How’s your heart?

I want, dear Lord, a heart that’s true and clean,
A heart like thine, a heart divine,
A heart as white as snow;
On me, dear Lord, a heart like this bestow.

I want, dear Lord, a love that cares for all,
A love like thine, a love divine,
A love to come or go;
On me, dear Lord, a love like this bestow.

I want, dear Lord, a soul on fire for thee,
A soul baptised with heavenly energy;
A willing mind, a ready hand
To do whate’er I know,
To spread thy light wherever I may go.


‘With not a cloud between…’  Clouds have become a familiar pattern of my life.  Each time the Airbus soars above the differing formations of visible masses of condensed watery vapours floating in the atmosphere, my heart misses a beat. But then a calmness quiets my troubled mind knowing the journey will take me to those whose skies are constantly overcast and gloomy. Clouds eventually lift; but I am faced with ‘Waterless Clouds’ where the blackness of their darkened sky never lifts.   They walk aimlessly in the clouded water of muddy pools in normal day to day village life.  Of course, I would rather have sunlit days, but how can I sing verse two if I am not willing to answer this call?  Flights booked and we are counting the days until our return on 01 October.

Hamilton and I are back in Northern Ireland during the month of November as we have engagements to fulfil, returning to Romania at the end of November until after Christmas.  My hands and feet are becoming impatient, I need to return to those I love…  Pray I will know a tenderness of spirit as I face the many new challenges awaiting.   A new project for bereaved children, a deep tenderness of spirit must be part of who I am, if I am to be a wound-dresser, or comfort a little one crying for ‘Mummy’ with no one to hold a tiny hand or stroke a lock of hair until asleep. Let me with a melting love reach out and touch the forgotten adult orphans in Cighid, with their troubled minds without balance or security. Psalm 147: 3,4 ‘He healeth the broken in heart, and bindeth up their wounds.  He telleth the number of the stars; he calleth all by their names.’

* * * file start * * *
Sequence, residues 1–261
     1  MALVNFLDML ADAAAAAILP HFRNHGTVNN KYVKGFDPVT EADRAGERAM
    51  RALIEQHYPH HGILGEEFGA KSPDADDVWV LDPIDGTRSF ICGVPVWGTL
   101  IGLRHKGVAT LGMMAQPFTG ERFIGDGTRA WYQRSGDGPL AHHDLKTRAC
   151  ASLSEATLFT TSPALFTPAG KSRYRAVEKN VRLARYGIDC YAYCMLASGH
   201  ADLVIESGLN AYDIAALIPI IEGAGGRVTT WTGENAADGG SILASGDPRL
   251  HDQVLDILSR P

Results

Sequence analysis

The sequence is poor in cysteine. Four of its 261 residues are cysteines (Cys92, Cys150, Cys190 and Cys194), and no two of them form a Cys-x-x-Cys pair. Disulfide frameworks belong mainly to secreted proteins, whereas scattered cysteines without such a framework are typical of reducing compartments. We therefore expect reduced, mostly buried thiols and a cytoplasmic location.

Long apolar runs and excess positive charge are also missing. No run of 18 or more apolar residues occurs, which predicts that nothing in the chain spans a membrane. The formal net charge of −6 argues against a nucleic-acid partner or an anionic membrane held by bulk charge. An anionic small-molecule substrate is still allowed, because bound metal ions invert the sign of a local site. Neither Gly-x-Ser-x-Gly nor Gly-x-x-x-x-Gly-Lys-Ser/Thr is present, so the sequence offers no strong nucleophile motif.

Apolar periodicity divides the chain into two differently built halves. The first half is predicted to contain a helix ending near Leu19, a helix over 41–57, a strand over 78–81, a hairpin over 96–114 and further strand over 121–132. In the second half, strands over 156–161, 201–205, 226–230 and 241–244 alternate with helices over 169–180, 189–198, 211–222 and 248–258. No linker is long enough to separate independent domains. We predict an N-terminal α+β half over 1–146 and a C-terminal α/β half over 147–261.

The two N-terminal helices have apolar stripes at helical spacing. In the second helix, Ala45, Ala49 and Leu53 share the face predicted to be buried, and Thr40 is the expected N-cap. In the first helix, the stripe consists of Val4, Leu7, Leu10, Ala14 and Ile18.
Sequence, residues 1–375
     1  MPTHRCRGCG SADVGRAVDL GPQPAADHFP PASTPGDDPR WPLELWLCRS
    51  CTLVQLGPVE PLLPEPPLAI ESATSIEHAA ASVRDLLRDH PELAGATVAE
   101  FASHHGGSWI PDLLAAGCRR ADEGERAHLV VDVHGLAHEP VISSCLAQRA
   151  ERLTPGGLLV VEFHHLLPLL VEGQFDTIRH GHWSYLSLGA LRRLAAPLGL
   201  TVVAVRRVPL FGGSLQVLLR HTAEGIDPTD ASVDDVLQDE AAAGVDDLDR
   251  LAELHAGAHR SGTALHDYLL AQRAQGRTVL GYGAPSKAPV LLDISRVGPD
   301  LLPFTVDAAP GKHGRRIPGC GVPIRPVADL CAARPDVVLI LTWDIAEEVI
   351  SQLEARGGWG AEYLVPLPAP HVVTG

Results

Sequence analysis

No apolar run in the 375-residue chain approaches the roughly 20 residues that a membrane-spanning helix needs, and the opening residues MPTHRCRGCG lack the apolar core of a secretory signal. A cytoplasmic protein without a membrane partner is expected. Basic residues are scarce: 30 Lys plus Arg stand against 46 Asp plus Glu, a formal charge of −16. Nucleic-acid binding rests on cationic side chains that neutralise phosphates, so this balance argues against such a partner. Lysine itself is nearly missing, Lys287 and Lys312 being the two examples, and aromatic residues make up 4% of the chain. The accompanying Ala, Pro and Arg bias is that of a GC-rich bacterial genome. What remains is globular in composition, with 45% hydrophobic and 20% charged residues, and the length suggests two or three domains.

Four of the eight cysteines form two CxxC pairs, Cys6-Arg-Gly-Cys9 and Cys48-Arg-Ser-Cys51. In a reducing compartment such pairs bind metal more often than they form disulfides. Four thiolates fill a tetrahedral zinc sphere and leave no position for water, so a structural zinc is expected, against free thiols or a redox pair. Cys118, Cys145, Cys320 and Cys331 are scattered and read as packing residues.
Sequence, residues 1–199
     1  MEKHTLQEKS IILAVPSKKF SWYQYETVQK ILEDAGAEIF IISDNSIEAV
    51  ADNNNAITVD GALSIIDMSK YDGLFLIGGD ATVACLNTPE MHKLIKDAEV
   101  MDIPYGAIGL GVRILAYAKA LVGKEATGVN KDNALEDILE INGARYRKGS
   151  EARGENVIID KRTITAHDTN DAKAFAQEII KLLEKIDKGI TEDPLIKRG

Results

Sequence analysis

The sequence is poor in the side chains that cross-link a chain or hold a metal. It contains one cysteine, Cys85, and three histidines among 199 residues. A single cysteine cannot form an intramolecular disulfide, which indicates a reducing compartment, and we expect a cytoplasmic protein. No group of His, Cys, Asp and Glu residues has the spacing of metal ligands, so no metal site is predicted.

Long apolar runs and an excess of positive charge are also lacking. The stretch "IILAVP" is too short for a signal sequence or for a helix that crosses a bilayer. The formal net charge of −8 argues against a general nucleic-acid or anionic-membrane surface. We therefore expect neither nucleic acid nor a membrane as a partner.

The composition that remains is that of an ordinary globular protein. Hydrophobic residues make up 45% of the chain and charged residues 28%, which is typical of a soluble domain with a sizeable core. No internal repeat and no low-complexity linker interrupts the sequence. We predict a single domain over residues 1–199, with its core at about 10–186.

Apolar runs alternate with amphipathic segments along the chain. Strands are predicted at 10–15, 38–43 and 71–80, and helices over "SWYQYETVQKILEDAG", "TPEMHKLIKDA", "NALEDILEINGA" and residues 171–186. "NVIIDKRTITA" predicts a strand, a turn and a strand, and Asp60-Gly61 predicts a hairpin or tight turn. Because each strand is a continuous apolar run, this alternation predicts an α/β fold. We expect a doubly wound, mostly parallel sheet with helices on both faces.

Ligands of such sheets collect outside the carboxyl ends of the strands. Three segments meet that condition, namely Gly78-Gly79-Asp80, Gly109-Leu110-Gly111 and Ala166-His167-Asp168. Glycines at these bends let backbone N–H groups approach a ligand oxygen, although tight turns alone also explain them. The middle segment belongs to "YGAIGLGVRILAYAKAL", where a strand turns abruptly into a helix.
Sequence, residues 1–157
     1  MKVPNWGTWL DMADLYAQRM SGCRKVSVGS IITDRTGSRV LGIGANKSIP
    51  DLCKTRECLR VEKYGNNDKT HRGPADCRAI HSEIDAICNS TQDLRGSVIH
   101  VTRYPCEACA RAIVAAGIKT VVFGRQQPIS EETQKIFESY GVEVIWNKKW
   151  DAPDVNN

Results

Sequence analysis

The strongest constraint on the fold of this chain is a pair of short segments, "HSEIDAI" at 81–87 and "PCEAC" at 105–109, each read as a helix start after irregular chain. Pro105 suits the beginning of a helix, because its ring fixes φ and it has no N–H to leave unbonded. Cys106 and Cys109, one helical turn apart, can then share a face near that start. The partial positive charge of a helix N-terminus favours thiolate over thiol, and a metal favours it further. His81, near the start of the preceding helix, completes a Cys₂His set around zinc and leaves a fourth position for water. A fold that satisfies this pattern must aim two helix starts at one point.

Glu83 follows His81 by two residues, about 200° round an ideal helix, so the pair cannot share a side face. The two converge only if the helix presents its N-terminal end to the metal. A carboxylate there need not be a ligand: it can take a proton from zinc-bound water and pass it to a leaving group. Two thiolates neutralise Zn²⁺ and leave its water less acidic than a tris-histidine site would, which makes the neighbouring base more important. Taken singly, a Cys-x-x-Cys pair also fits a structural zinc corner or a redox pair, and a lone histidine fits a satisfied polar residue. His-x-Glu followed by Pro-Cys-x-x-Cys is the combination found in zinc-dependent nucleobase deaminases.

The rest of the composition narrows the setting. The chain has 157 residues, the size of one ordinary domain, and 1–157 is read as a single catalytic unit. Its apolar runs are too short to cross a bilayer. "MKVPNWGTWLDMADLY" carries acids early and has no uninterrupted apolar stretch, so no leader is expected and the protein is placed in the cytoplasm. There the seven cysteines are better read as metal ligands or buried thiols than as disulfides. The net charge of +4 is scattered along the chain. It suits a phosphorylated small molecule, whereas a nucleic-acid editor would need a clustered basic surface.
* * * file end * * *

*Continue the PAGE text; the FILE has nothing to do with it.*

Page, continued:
New cases, families and children continue to enter our care. Depending on the circumstances and situation they can be linked to Emanuel Hospice; Casa Grace Foundation or Iochebed, all working as a team in lowly service among others.  This month I want to outline new cases, inwardly aware that at times the emails, telephone calls are all too much as I not only feel the pain but realise the need to ‘Be Still’. This morning was one of those mornings as with tears in my eyes I could feel the pain of my dear friend Sister Simona as she laid her darling baby Alexandra to rest.  Alexandra had been deteriorating and her little whimpers of pain grew faint.   Ten months of constant pain cradled in the arms of her young mum, now this little one is in the arms of the one who said: ‘Suffer the little children to come …’ Gazing through my window this morning, I questioned was it only weeks since I held this precious life in my arms?  I watched as the rain touched the leaves of the trees yet knew the real purpose of their journey was to reach the very depth of the earth and water the roots.  Oh that I might touch the very roots of lives that are dying without knowing the depth of the reservoirs of blessing!

How can I be uncaring when a sweet elderly couple are living in unacceptable unsanitary conditions, Sister Ecaterina is one of our terminally patients and her husband of forty-four years suffers from Alzheimer’s disease.  They are unable to care for one another and are often without food or medication.   The reality is that their family are uncaring and most of the time when one of our team call this precious couple are ‘hungry’. Do they complain?  A smile of joy fills their wrinkled faces each time the team arrive offering love, care and medication.  Only one of many cases.

Andrea (49) entered our care recently, her cancer then in advanced stages; now her condition has spread and has metastasised in her brain.  These are her final days.  She is a religious lady but needs the Lord in salvation. Henry Dyer penned: ‘God is great in great things, but very great in little things. Yes, I am feeling emotionally overwhelmed as the suffering continues.  But then I remember the quiet rains of dew falling readily from the support of friends and those who care. Then I know as George Muller penned: ‘ He is the God of my steps but he is also the God of my stops.’  I must stop and trust knowing that as in Isaiah 25: 4. ‘You have been a refuge for the poor; a refuge for the needy in their distress; a shelter from the storm…’  Together let us breathe a prayer ‘Lord let your steps be mine’.